As technology evolves, the way people pursue immortality is changing accordingly. The traditional road to immortality has been faith. Faith is a cheap, universal and democratic ticket to immortality. So simple, passive and naive indeed than powerful men and women along history have always looked for additional means to supplement it. Their efforts have concentrated mostly on trying to preserve the physical body from the deleterious decay experienced after physical death, something which has proved too expensive and, consequently not for everybody. Moreover preservation technologies so far, from rich graveyards and mummification to cryogenics or mission eternity sarcophaguses are so precarious than high doses of faith are still necessary.
Another well known road to immortality is fame. Fame is the most secure way to preserve someone in the memory of generations for decades, centuries or even millennia. The greater and better grounded the fame, the longer the future time assured. The use of writing, the success of movable type and the endurance of paper have provided effective ways to preserve the words and thoughts of the dead and significantly strengthened the reliability of this path to immortality. The problem with fame is that it is difficult to achieve and the kind of immortality provided by an eventually eternal persistence on the individual or collective memory of people, it is not entirely satisfactory for the human ego because it does not support physical resurrection which has always been the ultimate aspiration, and the only comprehensive way to experience again and forever the pleasures of life.
The chances to reconstruct a person from his or her writings alone seem remote. However nowadays the current state of information technologies allows us to very easily build up an extended archive including text, voice recordings and images (photographs and video). One might argue that an extensive catalogue of digital anecdotes should provide a set of life-traces enough for reliable life re-construction by means of a future, yet to discover technology able to organize them together in an structured way and capable to reverse engineer personality. An extreme example of life-logging is the project MyLifeBits pioneered by Gordon Bell. But I do not think it is necessary to go that far. You need not be rich or famous for low cost lifelogging. If only, you still need a bit of faith.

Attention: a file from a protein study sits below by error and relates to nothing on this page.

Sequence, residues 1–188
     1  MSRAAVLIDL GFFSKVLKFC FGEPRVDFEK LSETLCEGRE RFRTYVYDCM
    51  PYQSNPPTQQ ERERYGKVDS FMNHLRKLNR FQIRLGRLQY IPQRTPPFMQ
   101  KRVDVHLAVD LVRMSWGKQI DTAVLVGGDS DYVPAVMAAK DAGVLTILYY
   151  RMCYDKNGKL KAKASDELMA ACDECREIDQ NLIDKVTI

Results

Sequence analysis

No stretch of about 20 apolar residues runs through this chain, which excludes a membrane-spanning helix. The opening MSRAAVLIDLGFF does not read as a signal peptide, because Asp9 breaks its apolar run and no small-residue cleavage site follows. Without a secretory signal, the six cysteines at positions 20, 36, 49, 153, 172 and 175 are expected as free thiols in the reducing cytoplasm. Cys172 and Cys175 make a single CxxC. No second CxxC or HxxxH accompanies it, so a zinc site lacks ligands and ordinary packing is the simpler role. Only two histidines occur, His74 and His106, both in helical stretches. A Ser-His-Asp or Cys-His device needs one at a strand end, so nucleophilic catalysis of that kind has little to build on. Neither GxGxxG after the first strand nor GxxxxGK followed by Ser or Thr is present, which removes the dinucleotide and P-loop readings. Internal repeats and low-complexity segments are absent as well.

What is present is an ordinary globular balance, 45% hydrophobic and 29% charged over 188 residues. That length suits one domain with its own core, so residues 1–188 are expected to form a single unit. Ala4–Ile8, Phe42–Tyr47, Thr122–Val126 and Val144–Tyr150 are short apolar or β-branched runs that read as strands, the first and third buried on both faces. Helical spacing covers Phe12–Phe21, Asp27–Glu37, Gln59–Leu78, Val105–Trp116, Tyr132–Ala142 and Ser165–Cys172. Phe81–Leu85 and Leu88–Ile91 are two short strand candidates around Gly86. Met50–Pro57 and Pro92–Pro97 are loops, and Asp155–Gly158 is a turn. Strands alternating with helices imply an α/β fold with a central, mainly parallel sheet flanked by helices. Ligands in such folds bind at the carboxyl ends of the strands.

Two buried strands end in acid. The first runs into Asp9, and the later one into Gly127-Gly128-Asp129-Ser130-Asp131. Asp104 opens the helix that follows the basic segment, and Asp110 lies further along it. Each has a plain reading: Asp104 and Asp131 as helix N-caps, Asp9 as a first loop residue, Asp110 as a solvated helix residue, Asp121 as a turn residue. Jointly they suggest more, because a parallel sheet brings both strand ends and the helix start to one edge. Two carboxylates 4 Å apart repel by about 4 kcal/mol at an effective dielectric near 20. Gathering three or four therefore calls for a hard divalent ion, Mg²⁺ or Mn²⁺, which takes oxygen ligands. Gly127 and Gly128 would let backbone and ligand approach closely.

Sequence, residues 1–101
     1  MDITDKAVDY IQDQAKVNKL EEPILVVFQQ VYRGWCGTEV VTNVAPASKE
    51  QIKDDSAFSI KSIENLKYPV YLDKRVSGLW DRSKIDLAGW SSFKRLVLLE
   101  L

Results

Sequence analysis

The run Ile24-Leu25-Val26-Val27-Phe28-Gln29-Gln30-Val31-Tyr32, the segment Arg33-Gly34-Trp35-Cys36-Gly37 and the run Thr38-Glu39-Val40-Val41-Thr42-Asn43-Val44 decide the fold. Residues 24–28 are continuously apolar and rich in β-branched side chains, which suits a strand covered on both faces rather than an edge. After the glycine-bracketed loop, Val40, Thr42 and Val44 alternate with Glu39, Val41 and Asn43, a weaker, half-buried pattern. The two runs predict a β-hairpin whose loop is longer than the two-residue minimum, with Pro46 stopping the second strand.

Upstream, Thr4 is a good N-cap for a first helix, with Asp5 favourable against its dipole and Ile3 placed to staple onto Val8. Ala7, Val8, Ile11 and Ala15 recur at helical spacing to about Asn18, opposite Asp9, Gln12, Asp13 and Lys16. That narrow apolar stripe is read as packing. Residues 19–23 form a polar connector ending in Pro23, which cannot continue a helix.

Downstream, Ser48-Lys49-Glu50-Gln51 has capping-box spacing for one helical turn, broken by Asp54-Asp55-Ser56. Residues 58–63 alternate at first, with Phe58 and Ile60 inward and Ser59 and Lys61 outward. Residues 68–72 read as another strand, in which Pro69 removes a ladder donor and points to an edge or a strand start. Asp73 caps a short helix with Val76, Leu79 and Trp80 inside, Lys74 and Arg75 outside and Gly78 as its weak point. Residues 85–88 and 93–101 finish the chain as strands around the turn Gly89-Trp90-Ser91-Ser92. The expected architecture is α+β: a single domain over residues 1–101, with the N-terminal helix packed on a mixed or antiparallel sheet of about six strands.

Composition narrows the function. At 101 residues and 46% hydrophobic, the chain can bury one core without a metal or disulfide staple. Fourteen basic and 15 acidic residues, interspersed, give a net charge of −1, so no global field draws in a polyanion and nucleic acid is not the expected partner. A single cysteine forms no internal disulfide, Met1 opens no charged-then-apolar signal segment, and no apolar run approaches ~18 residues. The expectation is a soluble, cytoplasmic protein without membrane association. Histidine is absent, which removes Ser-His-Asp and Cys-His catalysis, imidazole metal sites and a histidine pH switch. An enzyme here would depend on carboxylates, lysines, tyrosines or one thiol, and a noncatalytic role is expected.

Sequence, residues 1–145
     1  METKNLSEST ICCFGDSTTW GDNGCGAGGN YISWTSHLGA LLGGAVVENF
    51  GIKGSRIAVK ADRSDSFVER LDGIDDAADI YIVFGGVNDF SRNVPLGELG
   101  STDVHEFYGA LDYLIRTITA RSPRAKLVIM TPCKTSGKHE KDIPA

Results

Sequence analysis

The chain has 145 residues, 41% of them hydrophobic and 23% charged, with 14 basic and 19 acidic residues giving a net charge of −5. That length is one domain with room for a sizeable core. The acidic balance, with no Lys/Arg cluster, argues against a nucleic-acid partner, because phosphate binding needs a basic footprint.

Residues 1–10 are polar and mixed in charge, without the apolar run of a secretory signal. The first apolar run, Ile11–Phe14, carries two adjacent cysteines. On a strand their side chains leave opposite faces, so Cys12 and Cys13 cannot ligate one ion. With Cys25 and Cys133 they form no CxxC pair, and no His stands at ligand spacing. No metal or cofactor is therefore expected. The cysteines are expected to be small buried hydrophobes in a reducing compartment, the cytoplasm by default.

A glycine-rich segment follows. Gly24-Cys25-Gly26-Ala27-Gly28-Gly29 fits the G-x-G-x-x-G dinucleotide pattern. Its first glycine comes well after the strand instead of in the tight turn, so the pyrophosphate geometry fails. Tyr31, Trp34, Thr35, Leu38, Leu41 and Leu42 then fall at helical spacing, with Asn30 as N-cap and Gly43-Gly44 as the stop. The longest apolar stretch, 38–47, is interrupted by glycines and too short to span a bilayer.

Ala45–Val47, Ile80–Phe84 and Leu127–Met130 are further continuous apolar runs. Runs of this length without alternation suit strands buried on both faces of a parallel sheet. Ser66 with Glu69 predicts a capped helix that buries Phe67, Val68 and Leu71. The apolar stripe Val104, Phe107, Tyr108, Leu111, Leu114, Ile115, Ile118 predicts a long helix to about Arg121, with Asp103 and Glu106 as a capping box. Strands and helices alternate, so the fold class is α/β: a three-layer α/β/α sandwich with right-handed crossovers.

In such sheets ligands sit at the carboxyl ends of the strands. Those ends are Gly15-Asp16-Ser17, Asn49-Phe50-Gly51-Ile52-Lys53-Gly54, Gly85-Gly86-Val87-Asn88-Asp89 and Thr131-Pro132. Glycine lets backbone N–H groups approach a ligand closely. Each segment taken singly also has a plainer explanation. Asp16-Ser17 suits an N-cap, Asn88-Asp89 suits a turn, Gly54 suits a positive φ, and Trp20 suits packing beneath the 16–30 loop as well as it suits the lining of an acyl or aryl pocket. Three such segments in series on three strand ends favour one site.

And it comes at a price: the time devoted to chatting, uploading and backing up photos, posting at blogs, etc. But this price is already being paid by an ever increasing number of people who are using their handsets for taking and posting pictures, checking in at remote virtual locations and twitting their lives away while enjoying a real life dinner with their friends or family.
I can already foresee a new source of revenue for a next wave of web crawling companies which will offer us a convenient way to search through the cyberspace, dig up our digital records and bury them on a digital sarcophagus. Lawyers should take notice and jump on the bandwagon to define a new breed of historical memory laws.
Featured Image: Pope Benedict XVI sending his first tweet on December 12, 2012